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Please consult ConnectCarolina (connectcarolina.unc.edu) for the most up-to-date information about FYS offerings and availability.

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Summer Session 1
Summer Session 2

Summer Session 1

GEOL 89-001: Sound Scape of Our World – CANCELLED 4/15/2020
Gen Eds: PL, EE, QI
MTWThF, 09:45 AM – 11:15 AM
Jonathan Lees

Jonathan Lees works on problems of seismological interest, especially directed at geophysical, tectonic, volcanological and atmospheric studies. His research is aimed at understanding the dynamics of volcanic explosions: how do we characterize the shallow conduit system as well as the deep plumbing structure of the volcano edifice. He pioneered investigations in seismic tomography in regional and local settings using earthquakes as sources. He is currently investigating acoustic waves recorded in the stratosphere: a problem that will inform planetary research on Venus and Jupiter.

Let’s open our ears and minds and listen to the world around us. What is the difference between a bird song and a violin? The roar of a crowd at a sporting event and an exploding volcano? This seminar will explore sound: we will develop an appreciation of our acoustic environment. Instruction will be exploration based and we will learn how to record acoustic sounds in natural and man-made environments. What are signals? What is noise? How are sound signals perceived by our ears and also analyzed scientifically? We will explore the various bands of acoustic communication and the ambient signals that comprise our sound environment. Field observations will be a major focus, where we will record our own data on personal cell phones (or computers) as well as professional equipment. We will learn how to extract data from these devices for detailed analysis in the frequency and time domains. Computer programs will be provided for visualization, spectral analysis and simulated wave propagation to help quantify our perceptions. No prerequisites are required, just curiosity. Grading will be based on written reports, class participation, and group projects. A capstone project will be required as a presentation and written summary of field observations.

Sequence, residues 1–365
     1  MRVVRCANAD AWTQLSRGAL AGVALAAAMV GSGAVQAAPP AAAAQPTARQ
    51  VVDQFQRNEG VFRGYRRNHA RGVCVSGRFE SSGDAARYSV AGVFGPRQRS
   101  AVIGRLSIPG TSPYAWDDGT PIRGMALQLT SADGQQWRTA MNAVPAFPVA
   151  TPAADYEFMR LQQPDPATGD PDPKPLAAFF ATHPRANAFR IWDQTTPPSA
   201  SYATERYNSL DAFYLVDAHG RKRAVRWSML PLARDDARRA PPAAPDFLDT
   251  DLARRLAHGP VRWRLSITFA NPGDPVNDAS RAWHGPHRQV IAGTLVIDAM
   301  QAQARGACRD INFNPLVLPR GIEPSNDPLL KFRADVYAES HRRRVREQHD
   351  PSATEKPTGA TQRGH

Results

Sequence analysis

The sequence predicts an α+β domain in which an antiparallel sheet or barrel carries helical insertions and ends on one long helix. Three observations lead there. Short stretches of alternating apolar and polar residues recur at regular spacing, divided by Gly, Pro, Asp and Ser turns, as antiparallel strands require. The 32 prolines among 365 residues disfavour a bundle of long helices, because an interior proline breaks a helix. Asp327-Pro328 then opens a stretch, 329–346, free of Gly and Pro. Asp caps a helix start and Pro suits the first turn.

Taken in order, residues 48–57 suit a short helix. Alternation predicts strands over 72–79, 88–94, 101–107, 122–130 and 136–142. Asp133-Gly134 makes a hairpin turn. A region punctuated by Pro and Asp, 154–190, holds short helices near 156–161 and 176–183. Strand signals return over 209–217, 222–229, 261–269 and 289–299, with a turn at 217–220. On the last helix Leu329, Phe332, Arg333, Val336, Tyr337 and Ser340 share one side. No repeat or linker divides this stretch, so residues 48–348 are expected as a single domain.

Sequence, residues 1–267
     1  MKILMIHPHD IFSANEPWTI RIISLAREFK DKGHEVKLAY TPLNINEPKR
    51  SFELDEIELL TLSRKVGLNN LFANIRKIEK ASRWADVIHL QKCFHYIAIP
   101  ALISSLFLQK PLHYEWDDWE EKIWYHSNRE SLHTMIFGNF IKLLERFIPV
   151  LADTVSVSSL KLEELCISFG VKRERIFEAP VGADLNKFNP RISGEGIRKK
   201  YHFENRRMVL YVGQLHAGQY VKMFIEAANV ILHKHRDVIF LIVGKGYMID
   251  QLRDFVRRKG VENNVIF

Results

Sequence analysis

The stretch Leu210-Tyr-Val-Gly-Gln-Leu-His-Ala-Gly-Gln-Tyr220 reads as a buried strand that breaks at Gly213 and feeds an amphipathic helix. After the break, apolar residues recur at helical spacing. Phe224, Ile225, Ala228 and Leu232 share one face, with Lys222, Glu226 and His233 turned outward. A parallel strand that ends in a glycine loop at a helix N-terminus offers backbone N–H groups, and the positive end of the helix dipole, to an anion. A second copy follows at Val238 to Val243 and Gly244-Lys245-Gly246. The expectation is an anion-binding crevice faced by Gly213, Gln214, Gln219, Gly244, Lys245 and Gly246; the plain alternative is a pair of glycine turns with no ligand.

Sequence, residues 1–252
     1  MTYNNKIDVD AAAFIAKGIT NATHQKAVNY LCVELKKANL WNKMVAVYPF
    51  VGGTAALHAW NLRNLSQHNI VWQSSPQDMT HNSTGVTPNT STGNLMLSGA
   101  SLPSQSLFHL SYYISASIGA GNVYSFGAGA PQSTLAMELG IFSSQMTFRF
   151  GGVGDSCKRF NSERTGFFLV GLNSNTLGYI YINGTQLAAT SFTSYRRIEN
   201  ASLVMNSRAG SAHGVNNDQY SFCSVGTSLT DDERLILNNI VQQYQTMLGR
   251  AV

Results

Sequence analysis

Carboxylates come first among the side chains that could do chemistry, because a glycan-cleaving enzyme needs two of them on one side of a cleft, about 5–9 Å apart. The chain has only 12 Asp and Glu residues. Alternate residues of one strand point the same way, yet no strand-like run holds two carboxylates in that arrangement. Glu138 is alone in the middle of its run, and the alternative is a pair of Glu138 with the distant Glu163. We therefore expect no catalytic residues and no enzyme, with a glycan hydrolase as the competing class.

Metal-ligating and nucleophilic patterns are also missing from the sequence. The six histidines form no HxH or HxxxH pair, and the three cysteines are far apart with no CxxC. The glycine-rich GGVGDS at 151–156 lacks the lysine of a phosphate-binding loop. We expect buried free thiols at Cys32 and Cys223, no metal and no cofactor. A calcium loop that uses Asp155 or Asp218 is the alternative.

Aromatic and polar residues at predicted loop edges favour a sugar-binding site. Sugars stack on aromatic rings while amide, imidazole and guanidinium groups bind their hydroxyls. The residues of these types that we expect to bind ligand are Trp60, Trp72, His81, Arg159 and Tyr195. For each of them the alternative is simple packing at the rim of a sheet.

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MEJO 89-001: Polarized Politics, Fake News and Preparing for Election 2020
Gen Eds: CI
MTWThF, 01:15 PM – 02:45 PM
Ferrel Guillory

Ferrel Guillory is a professor of the practice of journalism at the UNC School of Journalism and Mass Communication. He founded the Program on Public Life (formerly the Program on Southern Politics, Media and Public Life) in 1997 to build bridges between the academic resources at UNC-Chapel Hill and the governmental, journalism and civic leaders of North Carolina and the South. Guillory is a co-founder of EducationNC, a nonprofit news and policy organization, and he is a senior fellow at MDC, a Southern think tank.

This course offers first year students an opportunity to explore American public life through the lens of professional journalism. Students will read explanatory journalism, examine what makes information credible or not. By engaging in group discussions and writing their own analyses, they will deepen their understanding of how government and politics play out in states and communities in today’s often-fractious United States. In addition to learning more about journalism and democracy, the course seeks to instill in students a sense of idealism and engaged citizenship.

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Summer Session 2